The United States, the Republic of Korea (ROK) and Japan will likely deploy up to a 100 new F-35 fighter jets close to North Korea by 2021, according to Aviation Week. South Korean Yonhap news agency reports that the first new F-35 fighter jets could be stationed Korea and Japan “soon.”
As I noted previously, the Republic of Korea Air Force (ROKAF) will start receiving the first fifth-generation stealth multirole Joint Strike Fighter F-35As — the aircraft’s conventional takeoff and landing variant — in 2018. All 40 F-35A aircraft are expected to be delivered by 2021. South Korea has been considering purchasing 20 more fighter jets. “While South Korea reduced the original request from 60 to 40 aircraft, the  agreement between the United States and South Korea stipulates that 20 additional F-35A fighter jets can be procured at a later stage depending on the security environment on the Korean peninsula,” I explained. Lockheed Martin was able to secure the $7 billion defense deal by promising to transfer F-35 technologies to South Korea to help kick start Seoul’s indigenous KF-X stealth fighter aircraft program.
The Japan Air Self-Defense Force (JASDF) has begun receiving its first F-35As this year through the U.S. Foreign Military Sales Program. Japan’s Ministry of Defense selected the F-35A in December 2011 following the F-X competitive bidding process. The JASDF are expected to induct a total of 42 new F-35As in the coming years. Like South Korea, Japan is also considering placing a follow-up order as the JASDF intends to procure 100 new fifth-generation air superiority fighter by the 2030s. JASDF is considering arming its F-35 fleet with long-range standoff missiles and guided bombs including the long-range, precision-guided Joint Strike Missile (JSM), the Joint Air to Surface Standoff Missile (JASSM), and the GBU-31JDAM (Joint Direct Attack Munition) air-to-ground guided bomb.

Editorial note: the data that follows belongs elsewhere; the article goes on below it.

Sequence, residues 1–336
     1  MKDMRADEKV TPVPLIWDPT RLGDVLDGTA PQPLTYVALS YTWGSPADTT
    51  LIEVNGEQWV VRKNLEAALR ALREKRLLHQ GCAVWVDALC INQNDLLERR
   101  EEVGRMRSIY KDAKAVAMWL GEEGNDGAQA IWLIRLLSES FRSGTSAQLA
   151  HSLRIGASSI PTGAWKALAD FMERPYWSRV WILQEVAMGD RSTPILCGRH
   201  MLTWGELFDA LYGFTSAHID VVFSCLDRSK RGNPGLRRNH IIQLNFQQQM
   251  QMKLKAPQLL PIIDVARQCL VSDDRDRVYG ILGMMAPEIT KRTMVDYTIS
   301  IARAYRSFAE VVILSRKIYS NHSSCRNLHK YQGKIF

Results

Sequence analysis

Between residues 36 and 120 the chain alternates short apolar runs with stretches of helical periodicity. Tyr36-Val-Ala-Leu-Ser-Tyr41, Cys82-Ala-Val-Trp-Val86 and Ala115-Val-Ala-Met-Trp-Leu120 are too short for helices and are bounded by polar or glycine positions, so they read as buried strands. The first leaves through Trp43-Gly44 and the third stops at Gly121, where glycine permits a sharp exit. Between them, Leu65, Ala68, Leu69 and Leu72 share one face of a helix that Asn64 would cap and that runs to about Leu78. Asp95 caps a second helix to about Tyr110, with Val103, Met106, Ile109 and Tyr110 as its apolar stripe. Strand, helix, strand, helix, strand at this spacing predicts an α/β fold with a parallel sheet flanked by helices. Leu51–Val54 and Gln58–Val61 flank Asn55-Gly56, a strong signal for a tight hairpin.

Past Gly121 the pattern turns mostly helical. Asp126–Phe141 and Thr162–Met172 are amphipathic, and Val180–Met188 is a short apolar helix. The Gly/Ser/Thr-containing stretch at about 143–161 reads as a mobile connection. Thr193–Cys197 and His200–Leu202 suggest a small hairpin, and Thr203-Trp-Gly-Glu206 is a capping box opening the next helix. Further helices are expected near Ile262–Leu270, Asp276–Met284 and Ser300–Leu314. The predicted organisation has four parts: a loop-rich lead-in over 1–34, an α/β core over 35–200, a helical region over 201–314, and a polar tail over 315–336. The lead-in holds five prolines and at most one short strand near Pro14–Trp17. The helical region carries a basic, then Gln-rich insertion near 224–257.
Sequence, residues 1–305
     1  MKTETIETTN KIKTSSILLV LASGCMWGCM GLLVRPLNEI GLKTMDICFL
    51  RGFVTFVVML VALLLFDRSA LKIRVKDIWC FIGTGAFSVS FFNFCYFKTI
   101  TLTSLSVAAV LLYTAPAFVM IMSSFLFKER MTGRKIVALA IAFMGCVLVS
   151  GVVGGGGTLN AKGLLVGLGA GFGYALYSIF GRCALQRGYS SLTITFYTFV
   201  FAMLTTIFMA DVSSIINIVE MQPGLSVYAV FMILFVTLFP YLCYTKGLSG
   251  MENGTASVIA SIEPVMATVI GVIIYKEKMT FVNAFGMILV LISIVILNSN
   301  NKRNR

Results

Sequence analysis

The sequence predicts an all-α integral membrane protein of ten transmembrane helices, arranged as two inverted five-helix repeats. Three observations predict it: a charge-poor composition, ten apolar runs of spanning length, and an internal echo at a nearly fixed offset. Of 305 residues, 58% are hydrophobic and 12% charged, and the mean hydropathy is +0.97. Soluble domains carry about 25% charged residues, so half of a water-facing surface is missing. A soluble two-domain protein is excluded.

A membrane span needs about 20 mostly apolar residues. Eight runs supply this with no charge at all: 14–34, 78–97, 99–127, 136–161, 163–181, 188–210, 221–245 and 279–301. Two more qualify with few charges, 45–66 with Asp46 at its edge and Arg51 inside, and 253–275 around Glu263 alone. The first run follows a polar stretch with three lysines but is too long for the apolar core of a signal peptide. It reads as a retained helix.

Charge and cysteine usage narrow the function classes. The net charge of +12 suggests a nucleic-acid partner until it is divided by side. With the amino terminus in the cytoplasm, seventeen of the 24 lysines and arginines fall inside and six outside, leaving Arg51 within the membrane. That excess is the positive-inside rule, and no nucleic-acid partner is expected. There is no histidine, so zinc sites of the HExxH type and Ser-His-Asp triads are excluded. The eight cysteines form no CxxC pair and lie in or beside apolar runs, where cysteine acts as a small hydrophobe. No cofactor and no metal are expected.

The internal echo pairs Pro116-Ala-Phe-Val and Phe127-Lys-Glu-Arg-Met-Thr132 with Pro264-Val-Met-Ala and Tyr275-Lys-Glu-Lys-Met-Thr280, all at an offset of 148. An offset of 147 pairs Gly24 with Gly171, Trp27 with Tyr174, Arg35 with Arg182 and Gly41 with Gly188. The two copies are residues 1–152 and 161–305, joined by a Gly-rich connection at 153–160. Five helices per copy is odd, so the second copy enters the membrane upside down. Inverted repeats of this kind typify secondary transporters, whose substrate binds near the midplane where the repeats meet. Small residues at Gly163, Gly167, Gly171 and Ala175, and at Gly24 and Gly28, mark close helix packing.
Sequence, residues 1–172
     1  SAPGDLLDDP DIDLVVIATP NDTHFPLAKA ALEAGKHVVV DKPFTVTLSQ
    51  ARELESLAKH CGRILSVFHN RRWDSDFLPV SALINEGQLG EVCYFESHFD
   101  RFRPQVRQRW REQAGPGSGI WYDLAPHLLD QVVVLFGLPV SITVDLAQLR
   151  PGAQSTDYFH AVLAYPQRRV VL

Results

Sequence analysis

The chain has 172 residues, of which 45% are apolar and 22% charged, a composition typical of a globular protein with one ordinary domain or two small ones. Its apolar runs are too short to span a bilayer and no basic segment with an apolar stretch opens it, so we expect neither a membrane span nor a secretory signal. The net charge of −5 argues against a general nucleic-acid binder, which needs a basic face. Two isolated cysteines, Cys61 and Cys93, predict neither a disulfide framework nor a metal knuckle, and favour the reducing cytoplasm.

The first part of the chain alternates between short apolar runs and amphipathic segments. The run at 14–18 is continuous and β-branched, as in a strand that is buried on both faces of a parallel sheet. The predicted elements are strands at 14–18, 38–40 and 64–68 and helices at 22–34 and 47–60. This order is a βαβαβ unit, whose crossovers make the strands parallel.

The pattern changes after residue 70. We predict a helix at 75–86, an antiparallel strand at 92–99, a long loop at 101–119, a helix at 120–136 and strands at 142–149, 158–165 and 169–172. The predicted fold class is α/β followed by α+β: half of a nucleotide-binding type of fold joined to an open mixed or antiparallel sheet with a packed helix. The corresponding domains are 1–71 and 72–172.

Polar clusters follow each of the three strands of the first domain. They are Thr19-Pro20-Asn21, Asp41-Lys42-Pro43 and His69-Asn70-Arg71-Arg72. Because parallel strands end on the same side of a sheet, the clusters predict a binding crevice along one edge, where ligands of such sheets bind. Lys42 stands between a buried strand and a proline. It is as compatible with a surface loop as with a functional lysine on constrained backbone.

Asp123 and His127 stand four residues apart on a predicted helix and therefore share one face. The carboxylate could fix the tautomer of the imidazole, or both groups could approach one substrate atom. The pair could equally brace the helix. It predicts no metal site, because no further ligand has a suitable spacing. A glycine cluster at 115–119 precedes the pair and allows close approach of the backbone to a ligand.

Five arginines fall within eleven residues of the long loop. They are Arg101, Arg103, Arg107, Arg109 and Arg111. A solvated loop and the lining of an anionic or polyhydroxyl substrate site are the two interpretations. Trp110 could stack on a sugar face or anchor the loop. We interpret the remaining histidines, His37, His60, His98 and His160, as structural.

In January, the U.S. Marine Corps has deployed its first F-35B squadron to Japan. The F35B is the U.S. Marine Corps variant of the supersonic fifth-generation F-35B Lightning II Joint Strike Fighter, capable of vertical or short takeoffs and vertical landings without requiring a catapult launcher. The U.S. Marine Corps Fighter Attack Squadron 121 is currently made up of 16 F-35B aircraft, eight of which participated in the eight week-long U.S.-ROK Foal Eagle exercise in March. Other F-35A squadrons will follow. The U.S. Air Force is preparing to deploy the 34th Fighter Squadron to the Pacific region by the end of 2017. The U.S. Navy is also deploying one of its largest surface warships, the Wasp-class amphibious assault ship USS Wasp, to Japan in the fall of 2017. The ship will be able to operate the F-35B from its flight deck.